Up an Atom: The Real Reasons to Worry about Pakistan's Growing Nuclear Weapon Stockpile
WASHINGTON—As protests in the Middle East and North Africa spread from Tunisia and Egypt to Libya and Bahrain, another worrisome development in the extended neighborhood has gone relatively unnoticed. Pakistan is now in possession of a nuclear arsenal consisting of 100 to 110 weapons, according to recent reports in two major U.S. newspapers that are based on several independent estimates. This figure represents a doubling of similar estimates conducted four years ago, and means that Pakistan now has a larger nuclear stockpile than Britain.
Although it caused some ripples, this revelation was not exactly a surprise to the nuclear cognoscenti, who have remarked for some time on Pakistan's expanding nuclear infrastructure. U.S. intelligence analysts expressed their concerns about Pakistan’s buildup as early as 2008, according to documents made available by WikiLeaks. But despite this understanding, expert commentary on Pakistan's motives remains subject to unfortunate levels of mirror-imaging and outmoded Cold War logic. Specifically, it is still widely believed that Pakistan and its regional competitors will inevitably pursue debilitating arms races, that India and Pakistan are locked in an intractable existential or territorial conflict, that these states are obsessed about the credibility of their nuclear deterrents, and that strategic forces still retain their preeminence as potential delivery mechanisms.
Wrong diagnoses will invariably lead to wrong prescriptions. Many commentators have assumed, for example, that Pakistan’s primary objective is to offset India’s growing latent power and conventional military advantages, even if only as a psychological boost, but the recent acceleration of its weapons production does not correspond to any increase in threat perception. Experts also point to a recent civilian nuclear agreement that Washington brokered with New Delhi as lending India’s nuclear weapons program distinct advantages and furthering a regional nuclear arms race. Yet a race takes two, and India has hardly been rushing to build nuclear weapons. Independent estimates by Western experts of India's arsenal have actually gone down since India tested its weapons in 1998. Informed, albeit crude, estimates based on its plutonium production capability suggest a current Indian stockpile of around 50 weapons, if not fewer. And given that India's force posture – based on the size of its stockpile and declared no- first- use policy – is most likely counter- value (i.e. it targets major population centers), a much larger Pakistani arsenal adds little to Pakistan’s sense of security. If this is not just about India, what could be Pakistan’s motives for rapidly increasing its nuclear stockpile, despite its being in dire economic straits?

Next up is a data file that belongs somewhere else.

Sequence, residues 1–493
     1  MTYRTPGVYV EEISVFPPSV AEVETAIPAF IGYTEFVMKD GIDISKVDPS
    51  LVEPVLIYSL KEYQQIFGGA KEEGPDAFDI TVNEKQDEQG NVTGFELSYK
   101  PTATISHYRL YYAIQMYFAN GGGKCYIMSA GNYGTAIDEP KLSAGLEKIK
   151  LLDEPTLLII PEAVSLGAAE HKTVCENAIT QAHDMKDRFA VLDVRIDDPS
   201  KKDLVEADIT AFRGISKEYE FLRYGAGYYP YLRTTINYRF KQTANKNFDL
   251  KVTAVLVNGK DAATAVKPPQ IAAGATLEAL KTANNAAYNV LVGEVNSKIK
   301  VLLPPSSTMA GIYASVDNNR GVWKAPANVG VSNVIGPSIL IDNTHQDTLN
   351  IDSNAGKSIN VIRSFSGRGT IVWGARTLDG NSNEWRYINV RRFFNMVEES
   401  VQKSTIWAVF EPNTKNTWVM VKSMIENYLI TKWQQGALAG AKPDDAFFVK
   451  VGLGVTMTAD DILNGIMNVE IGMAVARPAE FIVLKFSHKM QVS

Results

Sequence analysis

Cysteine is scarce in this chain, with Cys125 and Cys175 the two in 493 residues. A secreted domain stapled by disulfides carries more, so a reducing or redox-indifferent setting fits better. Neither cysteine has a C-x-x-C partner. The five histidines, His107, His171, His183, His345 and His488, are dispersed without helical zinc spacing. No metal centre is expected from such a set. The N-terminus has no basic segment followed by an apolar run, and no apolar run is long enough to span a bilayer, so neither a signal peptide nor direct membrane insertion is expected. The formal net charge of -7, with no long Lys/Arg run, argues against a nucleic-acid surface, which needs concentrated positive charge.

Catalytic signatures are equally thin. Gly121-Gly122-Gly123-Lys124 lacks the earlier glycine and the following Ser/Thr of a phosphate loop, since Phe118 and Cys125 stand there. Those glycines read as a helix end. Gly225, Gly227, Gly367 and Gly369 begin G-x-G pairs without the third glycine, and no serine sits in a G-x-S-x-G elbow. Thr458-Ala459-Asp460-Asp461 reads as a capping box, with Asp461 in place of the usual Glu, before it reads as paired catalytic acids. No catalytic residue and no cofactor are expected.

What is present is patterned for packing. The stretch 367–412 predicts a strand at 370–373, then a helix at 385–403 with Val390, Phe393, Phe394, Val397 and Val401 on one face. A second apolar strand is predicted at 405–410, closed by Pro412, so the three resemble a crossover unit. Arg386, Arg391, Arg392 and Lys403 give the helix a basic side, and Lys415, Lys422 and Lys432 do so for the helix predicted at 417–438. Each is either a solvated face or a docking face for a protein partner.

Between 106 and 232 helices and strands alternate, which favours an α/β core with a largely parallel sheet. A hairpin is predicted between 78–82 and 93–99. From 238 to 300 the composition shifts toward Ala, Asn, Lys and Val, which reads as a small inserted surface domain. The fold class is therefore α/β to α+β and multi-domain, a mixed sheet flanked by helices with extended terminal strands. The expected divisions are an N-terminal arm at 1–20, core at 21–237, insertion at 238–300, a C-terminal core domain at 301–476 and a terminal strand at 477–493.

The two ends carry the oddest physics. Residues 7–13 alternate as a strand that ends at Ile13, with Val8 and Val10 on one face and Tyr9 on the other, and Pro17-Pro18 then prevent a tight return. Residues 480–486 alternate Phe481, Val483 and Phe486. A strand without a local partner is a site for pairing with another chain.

There are at least two other possibilities that need to be carefully considered. One is that Pakistan, cash-strapped and with a long and well-documented history of nuclear proliferation, is building up the arsenal for the benefit of a partner or client. China and Saudi Arabia have provided diplomatic, financial, and technical support to Pakistan over the years, and it is not unthinkable that Pakistan's surplus weapons may be placed at their disposal under certain circumstances, particularly Saudi Arabia's given its lingering concerns about a nuclear Iran. A second possibility is that Pakistan’s nukes are neither for defense nor for sale, but are instead a potent form of blackmail directed at its primary benefactor: the United States. Washington is petrified of the prospect of Pakistani nuclear weapons falling into the hands of terrorists, and has made efforts to assist Pakistan in ensuring the safety and security of its arsenal. But the more weapons there are, the harder it is for the U.S. intelligence community to monitor them, and the greater the fear of their accidental or deliberate loss or misuse. The fact that Pakistan accelerated its weapon production just as its relations with Washington deteriorated may not be entirely coincidental. Like the wiles of a deranged lover, this form of masochistic extortion provides a guarantee for Pakistan against abandonment by Washington.
Whatever its primary motives, Pakistan is unlikely to be dissuaded from its current path of nuclear weapons development. Its willingness to diplomatically isolate itself by single-handedly blocking negotiations toward a fissile material cutoff treaty at the Conference on Disarmament in Geneva is ample evidence of this. Nevertheless, looking at the problem through the narrow lens of India-Pakistan relations is unhelpful, particularly when it is accompanied by complacency regarding the potential of Pakistani nuclear weapons to compromise Western security interests. Only two weeks ago, a former senior Clinton administration official wrote: “The Pakistani government, which receives billions of dollars each year in American aid, has a generally positive relationship with the U.S., and, should this relationship change, Pakistan's nuclear delivery vehicles would still lack the range necessary to reach American shores.” This betrays both a poor understanding of U.S.-Pakistan relations as well as an outmoded way of thinking about the threat posed by nuclear weapons today. But it is all the more reason for the recent revelations to serve as a wake up call, one that compels Washington and its partners to think more imaginatively about the forces propelling Pakistan’s self-destructive behavior.
Dhruva Jaishankar is a Program Officer with the German Marshall Fund’s Asia Program in Washington.
The views expressed in GMF publications and commentary are the views of the author alone.